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Middle School Diwali Lesson

Use this middle school Diwali lesson to help your students learn more about the celebration in an engaging and informative way.

Help your students learn about Diwali with this middle school Diwali lesson plan. It is important to recognize all major holidays in your classroom – not just the traditional North American commercialized celebrations. Middle school lesson plans for Christmas or Thanksgiving are easy to find, but this is not always true for world holidays.

Did you know that over a billion people worldwide celebrate Diwali each year? Despite this, engaging rigorous lesson plans focused on this holiday can be hard to find.

You may not have students who celebrate this holiday in your classes, but helping students build background knowledge and understanding of world cultures is an important goal.  I use the Article of the Week format to help my students build their background knowledge.  To help with this knowledge building, you can use this middle school Diwali lesson that focuses on reading a nonfiction article and completing comprehension tasks.  In this Diwali lesson, students will learn what Diwali is as well as this important holiday’s history and traditions.

When I want to bring awareness to holidays, important days, or significant events, I always start with a quick video and then a high-interest non-fiction reading. Starting with a quick video catches students’ attention and activates any prior knowledge they may have about the topic. Non-fiction articles are a great way to build students’ interest and background knowledge (schema) about a topic.

When learning about important days, I do not try to have students replicate cultures, events or symbols through crafts or games in order to avoid cultural appropriation.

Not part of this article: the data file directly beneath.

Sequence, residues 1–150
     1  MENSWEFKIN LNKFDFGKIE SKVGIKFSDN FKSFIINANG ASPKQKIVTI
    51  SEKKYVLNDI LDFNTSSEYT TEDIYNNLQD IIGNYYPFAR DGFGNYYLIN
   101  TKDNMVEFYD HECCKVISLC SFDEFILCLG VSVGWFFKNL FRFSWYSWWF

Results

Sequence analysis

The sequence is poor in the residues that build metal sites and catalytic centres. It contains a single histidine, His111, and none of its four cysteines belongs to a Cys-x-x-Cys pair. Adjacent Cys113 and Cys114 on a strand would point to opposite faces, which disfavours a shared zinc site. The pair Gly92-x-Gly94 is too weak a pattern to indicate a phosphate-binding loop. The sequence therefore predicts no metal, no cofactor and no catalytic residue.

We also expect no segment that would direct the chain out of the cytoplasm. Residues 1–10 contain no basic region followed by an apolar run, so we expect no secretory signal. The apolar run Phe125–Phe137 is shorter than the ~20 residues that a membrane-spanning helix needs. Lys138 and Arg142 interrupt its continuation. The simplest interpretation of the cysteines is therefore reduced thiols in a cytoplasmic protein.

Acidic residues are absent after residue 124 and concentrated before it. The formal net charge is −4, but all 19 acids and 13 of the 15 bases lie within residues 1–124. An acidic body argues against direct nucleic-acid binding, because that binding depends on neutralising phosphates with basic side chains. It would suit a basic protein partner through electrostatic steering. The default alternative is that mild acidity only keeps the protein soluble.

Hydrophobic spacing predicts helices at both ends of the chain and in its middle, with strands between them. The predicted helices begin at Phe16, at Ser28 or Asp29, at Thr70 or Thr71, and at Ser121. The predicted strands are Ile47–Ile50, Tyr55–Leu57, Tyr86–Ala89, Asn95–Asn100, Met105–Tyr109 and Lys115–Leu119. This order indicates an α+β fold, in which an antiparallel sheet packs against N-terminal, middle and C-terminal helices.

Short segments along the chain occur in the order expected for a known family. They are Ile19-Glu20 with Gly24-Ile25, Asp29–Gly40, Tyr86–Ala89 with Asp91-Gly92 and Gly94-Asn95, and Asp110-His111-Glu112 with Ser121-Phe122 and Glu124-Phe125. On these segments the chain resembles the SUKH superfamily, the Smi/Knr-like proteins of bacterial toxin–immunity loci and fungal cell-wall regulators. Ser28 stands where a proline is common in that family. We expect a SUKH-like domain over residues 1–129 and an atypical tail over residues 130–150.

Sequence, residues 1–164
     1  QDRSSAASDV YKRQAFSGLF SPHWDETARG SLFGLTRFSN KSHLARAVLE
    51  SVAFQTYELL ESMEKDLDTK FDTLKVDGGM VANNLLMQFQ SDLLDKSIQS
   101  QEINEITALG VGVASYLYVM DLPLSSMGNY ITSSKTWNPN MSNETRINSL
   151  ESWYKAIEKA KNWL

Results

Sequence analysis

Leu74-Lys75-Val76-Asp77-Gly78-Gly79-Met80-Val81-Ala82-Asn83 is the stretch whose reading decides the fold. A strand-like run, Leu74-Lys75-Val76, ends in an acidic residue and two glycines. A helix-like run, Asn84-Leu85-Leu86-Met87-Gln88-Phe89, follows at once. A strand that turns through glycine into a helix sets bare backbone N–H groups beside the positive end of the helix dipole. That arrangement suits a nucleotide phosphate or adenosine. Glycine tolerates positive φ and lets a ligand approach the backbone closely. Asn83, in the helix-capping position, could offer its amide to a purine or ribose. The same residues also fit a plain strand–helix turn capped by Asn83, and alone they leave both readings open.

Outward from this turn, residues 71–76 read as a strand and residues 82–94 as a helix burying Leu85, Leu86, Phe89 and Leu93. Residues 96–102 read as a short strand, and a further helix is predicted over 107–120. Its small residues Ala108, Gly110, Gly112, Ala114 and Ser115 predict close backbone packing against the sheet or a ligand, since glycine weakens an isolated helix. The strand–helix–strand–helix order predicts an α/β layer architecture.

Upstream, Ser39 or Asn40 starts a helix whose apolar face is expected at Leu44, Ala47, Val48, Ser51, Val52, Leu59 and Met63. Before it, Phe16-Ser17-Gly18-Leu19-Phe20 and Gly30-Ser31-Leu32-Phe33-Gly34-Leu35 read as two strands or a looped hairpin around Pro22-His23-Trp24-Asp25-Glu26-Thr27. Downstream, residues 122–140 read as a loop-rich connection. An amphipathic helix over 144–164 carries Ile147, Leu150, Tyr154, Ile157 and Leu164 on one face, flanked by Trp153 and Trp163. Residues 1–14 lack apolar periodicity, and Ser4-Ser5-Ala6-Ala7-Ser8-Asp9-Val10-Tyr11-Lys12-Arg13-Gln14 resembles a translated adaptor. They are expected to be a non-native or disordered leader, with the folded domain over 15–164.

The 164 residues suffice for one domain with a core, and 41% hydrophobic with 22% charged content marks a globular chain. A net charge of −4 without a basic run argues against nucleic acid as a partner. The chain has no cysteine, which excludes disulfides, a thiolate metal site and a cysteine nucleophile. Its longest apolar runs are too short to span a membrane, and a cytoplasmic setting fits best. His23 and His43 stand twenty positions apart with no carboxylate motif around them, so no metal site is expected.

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What is Diwali, and why is it celebrated? 

Diwali is the popular Hindu festival of lights that is India’s most important holiday of the year. Diwali marks the beginning of the Hindu New Year.

The 5-day celebration occurs in October or November, based on the lunar cycle. There are three messages of Diwali: good triumphing over evil, light winning over darkness, and knowledge conquering ignorance. 

The name ‘Diwali’ comes from a Sanskrit word meaning “row of lights.” Light is very important to the Diwali festival, and families and temples will decorate with rows of clay lamps filled with oil. 

What are some of the traditions of Diwali?

Diwali is a time for giving gifts, visiting friends and family, eating lots of food, cleaning and decorating the house, buying new clothes specifically for the celebration, and lighting fireworks. 

The 5 days are: 

  • Day One – Dhanteras
  • Day Two – Chhoti Diwali
  • Day Three – Diwali
  • Day Four – Govardhan Puja
  • Day Five – Bhai Dooj

Learn more about each day with this video from Miss Jessica’s World that reads through Ajanta & Vivek’s book Let’s Celebrate 5 Days of Diwali. 

Middle School Diwali Lesson

  1. Complete a pre-reading activity like a K-W-L chart.
  2. Watch a short video about Diwali.
  3. Have students read a non-fiction article about Diwali.
  4. Students will work on their non-fiction reading comprehension skills with short answer questions and a multiple-choice quiz.
  5. Have students work on a long answer critical thinking writing prompt like “What comparisons can you find between Diwali and another celebration you are familiar with?”